Sunny times with La Sera

Ex-Vivian Girl Katy Goodman reflects on musical and spatial influences.

La Sera: Todd Wisenbaker, Katy Goodman and Los Angeles.

La Sera: Todd Wisenbaker, Katy Goodman and Los Angeles.

photo by Jake Michaels

Check out La Sera at 8 p.m. Wednesday, May 25, at the Davis Odd Fellows Lodge, 415 Second Street in Davis. Titus Andronicus is also on the bill. Tickets are $15. Learn more at

Katy Goodman is reminiscing about her childhood love of country singer Iris DeMent when a skirmish breaks out between her two cats. The singer-songwriter of La Sera admonishes one, Miles, to “chill out, bro.”

It’s a cozy, domestic scene in her Los Angeles home, and one befitting the sunny, beatific vibes of indie rock outfit La Sera’s latest record, Music for Listening to Music to.

Goodman’s husband and bandmate, Todd Wisenbaker, had just stepped out to get an amp repaired in preparation for the five-week U.S. tour they’re currently on. It’s Goodman’s longest tour since 2009, which was with her first band, the influential and critically acclaimed Vivian Girls.

With Music for Listening to Music to, Wisenbaker rose to greater prominence in the band. For the first time, he’s pictured on an album cover. He also makes his La Sera singing debut on three tracks. Goodman sounds just a teeny bit annoyed when that issue is raised, probably for the 100th time, and points out that Wisenbaker has been in La Sera for four years, “almost the entirety of the band,” but concedes that for the first time, the album is “showcasing his voice.”

He’s also partially responsible for the country-ish twang found on much of the record.

“I probably wouldn’t listen to as much country as I do if I wasn’t married to Todd, but I did kind of grow up on country. Or, like, country folk,” Goodman says. “My mom is from West Virginia and her influence on my musical tastes growing up was very country-based.”

That includes the aforementioned Iris DeMent. Goodman says she listened to DeMent’s classic album Infamous Angel every day in elementary school.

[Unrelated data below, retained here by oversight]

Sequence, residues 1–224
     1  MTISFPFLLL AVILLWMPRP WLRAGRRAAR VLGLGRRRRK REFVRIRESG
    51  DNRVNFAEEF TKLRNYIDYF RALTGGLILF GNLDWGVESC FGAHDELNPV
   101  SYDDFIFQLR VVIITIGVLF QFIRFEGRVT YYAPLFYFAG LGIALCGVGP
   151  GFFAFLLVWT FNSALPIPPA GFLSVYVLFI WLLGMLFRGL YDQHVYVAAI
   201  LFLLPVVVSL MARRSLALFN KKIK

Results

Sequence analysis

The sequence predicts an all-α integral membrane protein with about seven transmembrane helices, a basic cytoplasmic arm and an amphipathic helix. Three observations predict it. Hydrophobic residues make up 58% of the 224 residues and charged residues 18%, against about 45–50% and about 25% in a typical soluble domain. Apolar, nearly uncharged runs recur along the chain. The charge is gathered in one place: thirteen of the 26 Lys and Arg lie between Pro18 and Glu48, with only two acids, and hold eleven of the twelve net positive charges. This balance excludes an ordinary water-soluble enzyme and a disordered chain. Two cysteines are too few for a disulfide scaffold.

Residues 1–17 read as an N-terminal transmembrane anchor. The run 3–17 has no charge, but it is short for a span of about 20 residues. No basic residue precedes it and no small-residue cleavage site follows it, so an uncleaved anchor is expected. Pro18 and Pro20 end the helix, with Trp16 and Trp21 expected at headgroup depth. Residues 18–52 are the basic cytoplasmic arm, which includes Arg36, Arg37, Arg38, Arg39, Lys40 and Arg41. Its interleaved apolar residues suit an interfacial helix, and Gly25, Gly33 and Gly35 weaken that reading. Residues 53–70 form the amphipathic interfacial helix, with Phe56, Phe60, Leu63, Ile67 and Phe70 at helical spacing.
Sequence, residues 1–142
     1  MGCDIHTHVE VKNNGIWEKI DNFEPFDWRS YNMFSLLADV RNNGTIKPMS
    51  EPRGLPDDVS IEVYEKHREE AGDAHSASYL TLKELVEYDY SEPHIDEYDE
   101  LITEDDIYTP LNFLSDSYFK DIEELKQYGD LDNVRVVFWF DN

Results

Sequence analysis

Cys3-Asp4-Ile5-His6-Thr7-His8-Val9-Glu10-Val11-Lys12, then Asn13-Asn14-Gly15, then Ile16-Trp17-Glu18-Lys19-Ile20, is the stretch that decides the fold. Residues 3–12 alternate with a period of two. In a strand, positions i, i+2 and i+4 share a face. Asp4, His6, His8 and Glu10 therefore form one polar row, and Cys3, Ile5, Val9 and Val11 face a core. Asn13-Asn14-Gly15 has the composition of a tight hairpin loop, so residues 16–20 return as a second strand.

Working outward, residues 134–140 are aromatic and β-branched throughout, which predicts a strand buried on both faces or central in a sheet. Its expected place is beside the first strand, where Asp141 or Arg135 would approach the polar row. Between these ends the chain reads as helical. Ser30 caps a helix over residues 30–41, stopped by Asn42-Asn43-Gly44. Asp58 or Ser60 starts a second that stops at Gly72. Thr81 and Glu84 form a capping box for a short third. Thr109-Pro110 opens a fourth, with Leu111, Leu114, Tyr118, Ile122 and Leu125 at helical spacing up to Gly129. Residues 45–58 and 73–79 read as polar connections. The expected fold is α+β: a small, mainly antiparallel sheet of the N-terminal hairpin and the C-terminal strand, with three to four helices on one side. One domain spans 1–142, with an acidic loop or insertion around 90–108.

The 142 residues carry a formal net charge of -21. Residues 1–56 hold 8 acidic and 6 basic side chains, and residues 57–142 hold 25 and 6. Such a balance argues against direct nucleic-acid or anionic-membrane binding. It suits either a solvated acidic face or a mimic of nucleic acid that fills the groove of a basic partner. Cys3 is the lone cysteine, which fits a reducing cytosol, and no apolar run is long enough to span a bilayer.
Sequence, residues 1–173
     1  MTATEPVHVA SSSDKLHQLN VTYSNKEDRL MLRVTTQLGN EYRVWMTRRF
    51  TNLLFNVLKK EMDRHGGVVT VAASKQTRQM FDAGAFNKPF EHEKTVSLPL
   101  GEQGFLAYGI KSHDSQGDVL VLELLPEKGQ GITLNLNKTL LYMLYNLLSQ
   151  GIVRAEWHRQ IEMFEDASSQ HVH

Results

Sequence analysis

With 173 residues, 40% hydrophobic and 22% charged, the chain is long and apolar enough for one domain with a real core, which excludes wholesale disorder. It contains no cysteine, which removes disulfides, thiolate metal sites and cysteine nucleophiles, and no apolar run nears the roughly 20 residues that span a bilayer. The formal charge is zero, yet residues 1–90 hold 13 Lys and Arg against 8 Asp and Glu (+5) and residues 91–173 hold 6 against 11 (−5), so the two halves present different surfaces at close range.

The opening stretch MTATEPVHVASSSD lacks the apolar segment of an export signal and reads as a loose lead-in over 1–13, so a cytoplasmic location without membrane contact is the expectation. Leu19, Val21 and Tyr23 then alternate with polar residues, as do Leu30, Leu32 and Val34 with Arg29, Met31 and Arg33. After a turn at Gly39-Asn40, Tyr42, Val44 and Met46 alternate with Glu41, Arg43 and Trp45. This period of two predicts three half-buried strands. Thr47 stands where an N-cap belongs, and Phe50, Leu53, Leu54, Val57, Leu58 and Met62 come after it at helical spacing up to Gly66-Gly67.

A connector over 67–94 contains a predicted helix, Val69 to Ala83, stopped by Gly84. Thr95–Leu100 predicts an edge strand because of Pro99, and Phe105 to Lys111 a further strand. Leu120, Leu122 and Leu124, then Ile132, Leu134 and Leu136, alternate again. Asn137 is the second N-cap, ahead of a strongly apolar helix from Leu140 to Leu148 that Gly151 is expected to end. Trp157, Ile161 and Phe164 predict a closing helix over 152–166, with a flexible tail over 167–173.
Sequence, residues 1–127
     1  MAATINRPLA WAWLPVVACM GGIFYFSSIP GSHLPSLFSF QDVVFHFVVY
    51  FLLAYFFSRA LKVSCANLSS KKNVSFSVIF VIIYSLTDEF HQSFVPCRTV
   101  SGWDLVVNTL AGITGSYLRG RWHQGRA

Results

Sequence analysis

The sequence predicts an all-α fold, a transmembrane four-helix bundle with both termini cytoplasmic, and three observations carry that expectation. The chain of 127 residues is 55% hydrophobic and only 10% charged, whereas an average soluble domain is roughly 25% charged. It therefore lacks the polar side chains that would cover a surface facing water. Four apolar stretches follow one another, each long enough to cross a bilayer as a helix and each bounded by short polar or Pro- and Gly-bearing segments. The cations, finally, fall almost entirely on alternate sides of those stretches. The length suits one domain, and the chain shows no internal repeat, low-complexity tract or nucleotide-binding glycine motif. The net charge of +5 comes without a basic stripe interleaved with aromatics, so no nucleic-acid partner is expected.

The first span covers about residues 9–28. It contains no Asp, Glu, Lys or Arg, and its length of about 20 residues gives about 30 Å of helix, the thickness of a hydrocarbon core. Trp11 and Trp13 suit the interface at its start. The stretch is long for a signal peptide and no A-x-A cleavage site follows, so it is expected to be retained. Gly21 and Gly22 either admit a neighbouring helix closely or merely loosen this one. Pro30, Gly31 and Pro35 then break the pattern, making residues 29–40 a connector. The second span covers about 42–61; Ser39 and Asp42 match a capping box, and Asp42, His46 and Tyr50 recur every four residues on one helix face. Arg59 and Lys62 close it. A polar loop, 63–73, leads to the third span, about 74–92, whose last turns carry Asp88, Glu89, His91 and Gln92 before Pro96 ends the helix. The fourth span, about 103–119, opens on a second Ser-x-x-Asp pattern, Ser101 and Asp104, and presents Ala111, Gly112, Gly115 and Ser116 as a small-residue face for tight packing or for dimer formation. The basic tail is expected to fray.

Another influence on the album was producer Ryan Adams, who brought the band in for a whirlwind, weeklong recording session in his studio. Goodman first bonded with Adams over their shared love of early ’80s hardcore. Over the years, they’ve toyed with the idea of starting a hardcore band, even going so far as to write a few songs. Those songs are lost now, having lived on a computer that has since died.

Wisenbaker was independently introduced to Adams by Jenny Lewis when he was producing her album, and the two men became, in Goodman’s words, “phone friends.” When it came time to pick a producer for the album, Adams was the logical choice. His response? “Fuck yeah, let’s do it!”

Adams pushed Goodman to let loose with her voice. And for the first time in La Sera history, she also sang live while the guitars and drums were being tracked, which lent a coherent mood and a notable warmth to the 10 tracks. Plus, Adam’s studio lacks high-tech recording equipment.

“It’s all a very analog, old-school studio. Based on the equipment there and the vibe, it was like we were recording an album in the ’70s,” Goodman says. “It was all tape. It was like creepy, weird lamps. … Not a Pro Tools scenario. Very old, L.A. rock and roll.”

Does Goodman, a New Jersey native, think she’ll stay in L.A., a city that’s been so influential on her sound in the last few years?

“L.A. is definitely the background for La Sera,” she says. “I started La Sera and a month later moved to L.A. and it was like that was the next phase of my life, kind of like it started all at once. I feel like I’m still in that phase.”